As gold prices jumped on safe-haven buying, FTSE 100-listed precious metal groups topped the leader board, with Fresnillo PLC (LON:FRS) and Randgold Resources PLC (LON:RRS) up 2.9% to 1,515p and 2.5% to 7,360p respectively, while second liner Aciacia Mining PLC leapt 8.7$ higher to 191.6p.
Outsourcing firm G4S PLC (LON:GFS) was the biggest FTSE 100 faller, down nearly 5% at 314.2p despite reporting a 7.6% rise in first-half profit amid worries about growth in emerging markets and further asset sales.
The AIM-listed group said trading across its businesses was below the revised expectations set out in March, due to a "challenging" trading environment in the UK restaurant sector.
But Amur Minerals Corporation (LON:AMC) was the market’s top gainer, soaring 23% higher to 8.8p to on follow-through buying after it told investors yesterday that it has the first batch of findings from lab analysis of samples from its Kun Manie nickel project in Russia had confirmed earlier positive drilling results.
Meanwhile, it added, a second batch of results is presently under management review following receipt from the lab and a third batch is still undergoing lab analysis.
11.55am: 10th anniversay of financial crash trigger
The market’s drop today comes on the 10th anniversary of the trigger for the financial crash, when French lender BNP Paribas became the first big bank to warn over sub-prime risk.
At 11.55am, the FTSE 100 index was down 54 points at 7,488, just below the early session low of 7,475.43.
Steve Wilcockson, financial services industry lead at MathWorks, commented: “Hindsight is a great thing. Ten years ago today, BNP Paribas was the first major bank to acknowledge the risk of exposure to the sub-prime mortgage market, and looking back we can attribute the financial crisis in part to model complexity and systemic obfuscation in the usually valuable derivatives and credit markets.”
He added: “A decade on, regulators and banks have tackled those problems well, but the industry now heads into a new bubble of artificial intelligence, even bigger data, crypto-currencies, robo-advisors and a proliferating patchwork of confusing, unsourced and often poorly-supported computer languages, putting the international population at risk of experiencing new global financial and economic crises.”
11.40am: Gold strong, but bitcoin stronger
Although the gold price rose nearly 1% higher today to around US$1,267 an ounce in response to safe haven buying on the increased tensions between North Korea and the US, the value of crypto-currency Bitcoin is now nearly three times that price.
The value of a single Bitcoin hit a record high above US$3,500 on Tuesday Morning, having more than tripled in value for the year.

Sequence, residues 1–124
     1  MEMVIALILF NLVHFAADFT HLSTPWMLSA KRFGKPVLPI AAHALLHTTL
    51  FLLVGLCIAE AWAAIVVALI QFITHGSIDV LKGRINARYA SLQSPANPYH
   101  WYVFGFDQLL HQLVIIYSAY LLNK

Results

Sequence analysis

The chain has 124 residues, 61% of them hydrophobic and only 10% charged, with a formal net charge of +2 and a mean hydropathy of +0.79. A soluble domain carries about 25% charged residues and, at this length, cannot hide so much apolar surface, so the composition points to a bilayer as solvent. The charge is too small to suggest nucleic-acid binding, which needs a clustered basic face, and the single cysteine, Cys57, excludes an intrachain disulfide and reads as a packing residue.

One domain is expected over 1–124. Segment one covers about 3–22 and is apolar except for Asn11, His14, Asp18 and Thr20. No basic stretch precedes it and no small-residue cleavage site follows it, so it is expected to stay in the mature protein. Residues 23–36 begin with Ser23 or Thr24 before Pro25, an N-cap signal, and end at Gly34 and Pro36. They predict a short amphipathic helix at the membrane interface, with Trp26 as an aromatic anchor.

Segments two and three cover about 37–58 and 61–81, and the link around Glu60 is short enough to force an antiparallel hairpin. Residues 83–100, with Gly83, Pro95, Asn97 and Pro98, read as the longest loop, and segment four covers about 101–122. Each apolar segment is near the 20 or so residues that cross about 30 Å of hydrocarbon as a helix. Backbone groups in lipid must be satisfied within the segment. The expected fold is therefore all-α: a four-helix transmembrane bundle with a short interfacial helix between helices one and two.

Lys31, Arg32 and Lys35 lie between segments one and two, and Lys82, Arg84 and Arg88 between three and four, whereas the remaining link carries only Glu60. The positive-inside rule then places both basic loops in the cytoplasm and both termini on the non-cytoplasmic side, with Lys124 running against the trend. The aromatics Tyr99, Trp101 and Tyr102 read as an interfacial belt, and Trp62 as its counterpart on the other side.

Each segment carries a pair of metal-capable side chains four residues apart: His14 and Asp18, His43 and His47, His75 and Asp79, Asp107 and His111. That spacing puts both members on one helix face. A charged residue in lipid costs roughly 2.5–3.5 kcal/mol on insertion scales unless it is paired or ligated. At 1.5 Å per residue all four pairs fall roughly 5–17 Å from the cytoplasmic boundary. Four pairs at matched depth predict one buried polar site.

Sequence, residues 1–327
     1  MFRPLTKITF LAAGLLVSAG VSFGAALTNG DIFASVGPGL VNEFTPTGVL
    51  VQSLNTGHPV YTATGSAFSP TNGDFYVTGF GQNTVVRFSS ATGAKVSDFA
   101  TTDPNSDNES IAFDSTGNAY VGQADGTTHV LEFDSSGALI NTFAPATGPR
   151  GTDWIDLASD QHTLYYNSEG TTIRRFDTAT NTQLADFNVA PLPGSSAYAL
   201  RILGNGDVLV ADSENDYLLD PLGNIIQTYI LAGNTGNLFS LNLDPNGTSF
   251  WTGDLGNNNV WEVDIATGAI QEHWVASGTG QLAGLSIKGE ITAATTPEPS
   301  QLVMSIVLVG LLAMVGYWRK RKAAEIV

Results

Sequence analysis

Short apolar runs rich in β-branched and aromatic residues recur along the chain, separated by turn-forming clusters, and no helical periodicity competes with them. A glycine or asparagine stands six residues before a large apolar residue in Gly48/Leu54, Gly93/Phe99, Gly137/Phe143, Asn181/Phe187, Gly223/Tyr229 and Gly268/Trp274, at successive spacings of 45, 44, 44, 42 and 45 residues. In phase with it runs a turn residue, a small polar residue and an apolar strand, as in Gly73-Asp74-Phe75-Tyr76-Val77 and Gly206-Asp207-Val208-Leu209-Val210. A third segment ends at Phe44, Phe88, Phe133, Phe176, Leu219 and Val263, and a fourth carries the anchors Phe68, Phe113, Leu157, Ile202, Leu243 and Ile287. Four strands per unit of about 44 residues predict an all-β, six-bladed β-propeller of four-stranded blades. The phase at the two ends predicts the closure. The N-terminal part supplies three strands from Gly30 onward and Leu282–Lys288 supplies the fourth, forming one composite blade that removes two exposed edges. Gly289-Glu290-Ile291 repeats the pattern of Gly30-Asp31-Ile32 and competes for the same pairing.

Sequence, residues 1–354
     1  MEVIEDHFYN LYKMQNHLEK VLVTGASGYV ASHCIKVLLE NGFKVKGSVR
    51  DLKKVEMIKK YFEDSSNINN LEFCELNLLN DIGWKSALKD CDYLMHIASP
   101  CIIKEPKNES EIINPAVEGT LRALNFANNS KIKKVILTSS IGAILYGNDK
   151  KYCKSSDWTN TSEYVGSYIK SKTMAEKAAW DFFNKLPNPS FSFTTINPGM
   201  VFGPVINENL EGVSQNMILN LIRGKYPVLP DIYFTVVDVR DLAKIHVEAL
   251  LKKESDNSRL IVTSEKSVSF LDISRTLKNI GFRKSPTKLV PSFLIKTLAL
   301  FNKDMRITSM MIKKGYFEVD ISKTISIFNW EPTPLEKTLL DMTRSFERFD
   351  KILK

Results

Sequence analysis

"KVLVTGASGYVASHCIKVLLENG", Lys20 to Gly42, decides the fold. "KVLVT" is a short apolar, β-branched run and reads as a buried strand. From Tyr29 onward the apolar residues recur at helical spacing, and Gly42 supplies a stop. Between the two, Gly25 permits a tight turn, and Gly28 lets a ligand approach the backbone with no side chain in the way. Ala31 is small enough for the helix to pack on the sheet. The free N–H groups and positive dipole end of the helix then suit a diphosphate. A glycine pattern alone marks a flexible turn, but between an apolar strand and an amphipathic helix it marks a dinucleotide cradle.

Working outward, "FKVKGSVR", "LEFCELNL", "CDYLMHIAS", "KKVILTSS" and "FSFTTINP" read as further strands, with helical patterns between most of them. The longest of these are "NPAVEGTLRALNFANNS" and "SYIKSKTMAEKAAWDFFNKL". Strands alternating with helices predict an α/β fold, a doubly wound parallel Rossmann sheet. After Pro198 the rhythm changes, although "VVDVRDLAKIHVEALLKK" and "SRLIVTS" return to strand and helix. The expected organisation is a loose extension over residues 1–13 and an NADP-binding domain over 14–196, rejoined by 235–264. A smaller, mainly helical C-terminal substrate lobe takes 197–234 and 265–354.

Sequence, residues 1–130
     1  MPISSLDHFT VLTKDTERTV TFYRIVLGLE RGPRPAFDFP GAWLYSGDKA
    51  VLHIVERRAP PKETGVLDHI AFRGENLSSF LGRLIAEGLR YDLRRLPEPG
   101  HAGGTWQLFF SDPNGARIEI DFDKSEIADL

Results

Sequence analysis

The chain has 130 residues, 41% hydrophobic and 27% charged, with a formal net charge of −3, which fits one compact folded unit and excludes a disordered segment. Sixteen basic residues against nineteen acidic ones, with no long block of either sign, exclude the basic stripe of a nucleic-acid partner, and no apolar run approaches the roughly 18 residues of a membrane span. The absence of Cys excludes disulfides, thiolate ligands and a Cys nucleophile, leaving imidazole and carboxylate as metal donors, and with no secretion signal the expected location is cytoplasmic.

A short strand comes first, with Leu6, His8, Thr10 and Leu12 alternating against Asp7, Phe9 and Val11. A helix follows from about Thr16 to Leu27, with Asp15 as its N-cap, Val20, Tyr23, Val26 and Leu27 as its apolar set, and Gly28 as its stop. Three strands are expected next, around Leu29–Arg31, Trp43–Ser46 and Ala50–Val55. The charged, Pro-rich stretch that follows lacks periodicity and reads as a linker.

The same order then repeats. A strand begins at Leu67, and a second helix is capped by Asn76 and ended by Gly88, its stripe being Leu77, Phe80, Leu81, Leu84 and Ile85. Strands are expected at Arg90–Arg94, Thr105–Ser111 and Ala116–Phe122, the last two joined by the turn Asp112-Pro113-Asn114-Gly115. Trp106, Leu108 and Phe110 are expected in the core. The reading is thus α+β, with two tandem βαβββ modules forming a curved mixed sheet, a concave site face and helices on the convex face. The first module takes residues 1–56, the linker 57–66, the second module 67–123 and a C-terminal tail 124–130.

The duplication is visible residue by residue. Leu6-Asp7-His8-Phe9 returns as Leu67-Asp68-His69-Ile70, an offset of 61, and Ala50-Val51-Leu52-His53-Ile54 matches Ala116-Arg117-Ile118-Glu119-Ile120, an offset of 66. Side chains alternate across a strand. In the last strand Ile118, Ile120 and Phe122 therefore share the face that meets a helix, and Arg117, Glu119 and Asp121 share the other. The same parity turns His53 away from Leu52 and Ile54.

By comparison, the gold price is only up around 10% for 2017, although the market in the yellow metal is worth trillions, while bitcoin's market capitalisation is only about US$57bn.
11.00am: History Lesson
Neil Wilson, senior market analyst at ETX Capital said: “During the Cuban missile crisis the S&P 500 was pretty steady throughout October so the stock market is not always a great guide to impending nuclear war.
“But the index had already cratered by about 28% in the six months leading up to the crisis (The Kennedy Slide) so maybe had already priced in the potential for a Cold War miscalculation to a large extent.
“Conditions today are very different with a near-decade long bull market leaving valuations extremely high. A sPark from the Korean peninsula – even if it fizzles out and doesn’t lead to war - could yet set off a correction, particularly given the time of year.”
At 11am, the FTSE 100 index had droped 62 points 7,480, back close to the early session low of 7,475.43, having gained 10 points yesterday.
Outsourcing firm G4S PLC (LON:GFS) was the biggest FTSE 100 faller, down nearly 5% at 314.2p despite reporting a 7.6% rise in first-half profit amid worries about growth in emerging markets and further asset sales.
9.50am: Mood remains depresssed
The Footsie stayed weak as the morning session progressed, giving back recent gains with investors unnerved by increasing tensions over the actions of North Korea, with the rogue state's leader having threatened a missile attack on a US air base on the Pacific island of Guam.
Around 9.50am, the FTSE 100 index was down 48 points at 7,493, just holding off the session low of 7,475.43, having gained 10 points yesterday.
Currency markets were more sanguine, however, about the seemingly outrageous posturing by Kim Jong-un and US President Trump's strong reaction, with sterling just edging 0.1% higher versus the dollar at US$1.3003, and up 0.3% against the euro at €1.1088.
...Hopefully we will never have to use this power, but there will never be a time that we are not the most powerful nation in the world!— Donald J. Trump (@realDonaldTrump) 9 August 2017